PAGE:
Happy Mother's Day; **Update--Code Pink And Mother's Acting Up Invade Boulder On . . . Stilts, Moonbat "Slam Poetry"
'Nuff said. Thanks for everything, love you Mom!
**Update--But if that statement isn't radical enough for you, or your Mom is a moonbat, you can spend Mother's Day with the
The environment is ailing, there's a war raging in Iraq, and there are children living in poverty around the globe. What's a concerned mother to do? Why, strap on a pair of stilts, of course.Nothing like a little
At least that's the thinking for Mothers Acting Up (MAU), a Boulder-based global network of "mothers and others, on stilts or off, who exercise protective care over someone smaller." The group, which lists "Be Exuberant" as one of its guiding principles, seeks to mobilize that most primal of instincts--a mother's love--and turn it into a political force to be reckoned with. The stilts are just a unique way to bring attention to MAU's message of positive activism.
Stilts are "really the perfect metaphor for what we do," says Joellen Raderstorf, executive director and one of MAU's four founders. "Because getting up on stilts you're very visible, and this is what this is about, getting comfortable with being visible in our communities and speaking up on behalf of the world's children."
She adds, "Also, when you're on stilts, you need to keep moving forward, you really can't stop. And you have far-reaching vision, which I think is something that we really need in our leadership in the world these days, to have that far-reaching vision to see how our actions today impact our children, their children, and future generations.". . .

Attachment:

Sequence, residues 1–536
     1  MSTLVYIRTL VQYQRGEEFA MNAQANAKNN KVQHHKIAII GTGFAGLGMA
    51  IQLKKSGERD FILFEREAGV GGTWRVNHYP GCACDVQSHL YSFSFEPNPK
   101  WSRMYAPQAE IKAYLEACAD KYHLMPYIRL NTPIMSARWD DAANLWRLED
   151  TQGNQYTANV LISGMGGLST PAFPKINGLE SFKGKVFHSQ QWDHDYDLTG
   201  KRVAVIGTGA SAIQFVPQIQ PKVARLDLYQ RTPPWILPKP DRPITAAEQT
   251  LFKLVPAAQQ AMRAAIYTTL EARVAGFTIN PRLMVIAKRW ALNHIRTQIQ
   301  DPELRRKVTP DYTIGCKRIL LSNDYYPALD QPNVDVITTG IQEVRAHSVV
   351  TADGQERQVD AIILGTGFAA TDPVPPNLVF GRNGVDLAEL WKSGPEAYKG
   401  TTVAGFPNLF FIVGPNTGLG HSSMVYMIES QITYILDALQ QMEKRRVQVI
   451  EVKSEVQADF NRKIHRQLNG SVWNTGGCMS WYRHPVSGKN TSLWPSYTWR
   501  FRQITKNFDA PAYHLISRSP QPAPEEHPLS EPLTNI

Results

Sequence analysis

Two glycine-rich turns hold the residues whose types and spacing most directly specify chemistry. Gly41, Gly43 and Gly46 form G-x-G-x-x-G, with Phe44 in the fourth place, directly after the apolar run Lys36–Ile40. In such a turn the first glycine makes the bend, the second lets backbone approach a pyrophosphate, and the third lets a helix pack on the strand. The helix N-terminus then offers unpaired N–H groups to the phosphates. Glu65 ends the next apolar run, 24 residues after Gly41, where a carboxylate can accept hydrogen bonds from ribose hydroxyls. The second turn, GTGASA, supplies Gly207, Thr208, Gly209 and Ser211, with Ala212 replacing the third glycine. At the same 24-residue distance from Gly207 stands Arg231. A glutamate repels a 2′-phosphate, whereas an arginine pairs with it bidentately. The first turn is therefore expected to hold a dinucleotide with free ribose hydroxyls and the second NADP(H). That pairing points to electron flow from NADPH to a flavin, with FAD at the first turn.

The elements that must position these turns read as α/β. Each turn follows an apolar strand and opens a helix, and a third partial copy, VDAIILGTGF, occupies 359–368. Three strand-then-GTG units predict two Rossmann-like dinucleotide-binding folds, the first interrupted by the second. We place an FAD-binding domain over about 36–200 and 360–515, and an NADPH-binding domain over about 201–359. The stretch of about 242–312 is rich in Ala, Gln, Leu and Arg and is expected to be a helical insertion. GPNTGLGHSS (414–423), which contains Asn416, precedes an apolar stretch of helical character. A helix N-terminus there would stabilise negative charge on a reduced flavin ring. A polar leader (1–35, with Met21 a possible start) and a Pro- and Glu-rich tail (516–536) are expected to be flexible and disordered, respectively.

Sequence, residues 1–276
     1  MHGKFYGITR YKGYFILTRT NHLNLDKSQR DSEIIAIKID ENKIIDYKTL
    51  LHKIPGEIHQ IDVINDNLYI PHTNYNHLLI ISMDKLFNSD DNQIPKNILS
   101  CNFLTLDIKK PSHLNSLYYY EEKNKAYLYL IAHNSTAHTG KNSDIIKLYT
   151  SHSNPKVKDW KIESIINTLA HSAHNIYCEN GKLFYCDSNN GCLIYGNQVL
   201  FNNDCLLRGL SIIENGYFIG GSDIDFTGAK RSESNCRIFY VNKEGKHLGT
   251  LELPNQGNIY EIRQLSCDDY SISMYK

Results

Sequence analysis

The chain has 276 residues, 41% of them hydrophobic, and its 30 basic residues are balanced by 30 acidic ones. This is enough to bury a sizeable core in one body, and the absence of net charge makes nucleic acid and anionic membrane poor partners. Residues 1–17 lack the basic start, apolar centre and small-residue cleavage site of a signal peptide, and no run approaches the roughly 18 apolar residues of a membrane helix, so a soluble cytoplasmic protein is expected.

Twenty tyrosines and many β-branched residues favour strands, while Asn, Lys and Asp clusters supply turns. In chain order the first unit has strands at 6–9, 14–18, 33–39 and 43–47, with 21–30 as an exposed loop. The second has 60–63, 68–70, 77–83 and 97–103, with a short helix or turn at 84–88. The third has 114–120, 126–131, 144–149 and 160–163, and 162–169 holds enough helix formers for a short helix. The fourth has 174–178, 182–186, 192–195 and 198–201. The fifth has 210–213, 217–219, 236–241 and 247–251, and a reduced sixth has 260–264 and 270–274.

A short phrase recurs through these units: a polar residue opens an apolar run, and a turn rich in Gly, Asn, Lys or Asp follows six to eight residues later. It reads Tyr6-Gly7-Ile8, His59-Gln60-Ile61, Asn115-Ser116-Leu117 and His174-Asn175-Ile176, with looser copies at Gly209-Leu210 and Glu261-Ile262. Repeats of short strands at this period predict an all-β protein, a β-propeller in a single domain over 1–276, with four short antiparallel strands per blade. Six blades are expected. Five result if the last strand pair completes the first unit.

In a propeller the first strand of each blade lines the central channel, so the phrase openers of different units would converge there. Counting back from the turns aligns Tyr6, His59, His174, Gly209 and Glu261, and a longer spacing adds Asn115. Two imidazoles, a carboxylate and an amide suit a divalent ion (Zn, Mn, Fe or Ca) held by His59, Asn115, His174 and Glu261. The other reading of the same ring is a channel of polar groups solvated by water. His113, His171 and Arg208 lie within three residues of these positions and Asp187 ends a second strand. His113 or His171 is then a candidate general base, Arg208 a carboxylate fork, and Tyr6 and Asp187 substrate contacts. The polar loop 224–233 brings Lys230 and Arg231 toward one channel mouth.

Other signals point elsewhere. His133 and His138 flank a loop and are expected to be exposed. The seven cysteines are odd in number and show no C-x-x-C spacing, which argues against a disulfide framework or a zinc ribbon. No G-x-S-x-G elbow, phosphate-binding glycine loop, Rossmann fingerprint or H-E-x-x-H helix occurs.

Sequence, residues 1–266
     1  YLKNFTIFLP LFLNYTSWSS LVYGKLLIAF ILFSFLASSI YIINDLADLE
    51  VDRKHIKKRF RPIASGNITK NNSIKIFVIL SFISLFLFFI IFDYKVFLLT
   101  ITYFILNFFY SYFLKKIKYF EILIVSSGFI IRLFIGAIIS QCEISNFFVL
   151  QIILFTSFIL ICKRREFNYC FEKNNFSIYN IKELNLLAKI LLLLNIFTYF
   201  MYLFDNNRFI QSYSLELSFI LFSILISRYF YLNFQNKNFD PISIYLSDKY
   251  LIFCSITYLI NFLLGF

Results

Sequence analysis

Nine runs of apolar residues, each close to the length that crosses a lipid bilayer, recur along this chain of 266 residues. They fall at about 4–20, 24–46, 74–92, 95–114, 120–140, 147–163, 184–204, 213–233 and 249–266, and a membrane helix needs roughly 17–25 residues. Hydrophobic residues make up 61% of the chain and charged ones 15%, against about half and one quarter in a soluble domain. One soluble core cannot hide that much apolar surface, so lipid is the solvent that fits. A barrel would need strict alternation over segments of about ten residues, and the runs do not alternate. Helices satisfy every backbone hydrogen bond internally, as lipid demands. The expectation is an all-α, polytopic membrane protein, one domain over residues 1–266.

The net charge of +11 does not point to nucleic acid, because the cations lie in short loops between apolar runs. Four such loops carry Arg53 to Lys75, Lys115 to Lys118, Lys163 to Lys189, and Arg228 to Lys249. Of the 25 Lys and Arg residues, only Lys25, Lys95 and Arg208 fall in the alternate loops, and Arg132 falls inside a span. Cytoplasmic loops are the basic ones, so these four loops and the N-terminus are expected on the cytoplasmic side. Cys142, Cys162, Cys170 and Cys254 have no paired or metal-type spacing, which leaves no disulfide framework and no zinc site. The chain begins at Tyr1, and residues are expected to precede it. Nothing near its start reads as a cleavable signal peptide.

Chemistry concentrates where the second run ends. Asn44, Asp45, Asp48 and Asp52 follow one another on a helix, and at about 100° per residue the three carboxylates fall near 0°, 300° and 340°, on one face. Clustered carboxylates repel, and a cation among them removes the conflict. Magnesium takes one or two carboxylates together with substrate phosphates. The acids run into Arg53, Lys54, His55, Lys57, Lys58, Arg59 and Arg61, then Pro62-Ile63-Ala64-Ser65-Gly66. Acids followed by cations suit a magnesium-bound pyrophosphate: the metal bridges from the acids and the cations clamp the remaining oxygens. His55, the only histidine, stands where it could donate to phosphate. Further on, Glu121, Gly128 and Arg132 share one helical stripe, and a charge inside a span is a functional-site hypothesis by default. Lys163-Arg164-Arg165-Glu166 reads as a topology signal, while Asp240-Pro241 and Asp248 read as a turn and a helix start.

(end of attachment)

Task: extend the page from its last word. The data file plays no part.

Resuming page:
MAU's biggest event is the annual Mother's Day Parade, which takes place this Sunday, May 11. The festivities kick off with stroller and wagon decorating at 11:30 a.m. at the Boulder Public Library. The parade begins at 1 p.m. and winds its way from the library to the Pearl Street Mall, where there will be cake and activities for the children. The Raging Grannies and Ancestral Voices will provide music, all in keeping with the celebratory nature of the event.
And if that is still too "positive" for you, how about some "slam poetry" courtesy of another Boulder moonbat:
Jeff Lucey came back from Iraq
and hung himself in his parents' basement with a garden hose.
The night before he died he spent 45 minutes on his father's lap
rocking like a baby,
rocking like "daddy, save me,"
and don't think for a minute he too isn't collateral damage
in the mansions of Washington.
. . .
They are watching them burn and hoarding the water.
No senators' sons are being sent out to slaughter.
No president's daughters are licking ashes from their lips
or dreaming up ropes to wrap around their necks
in case they ever make it home alive.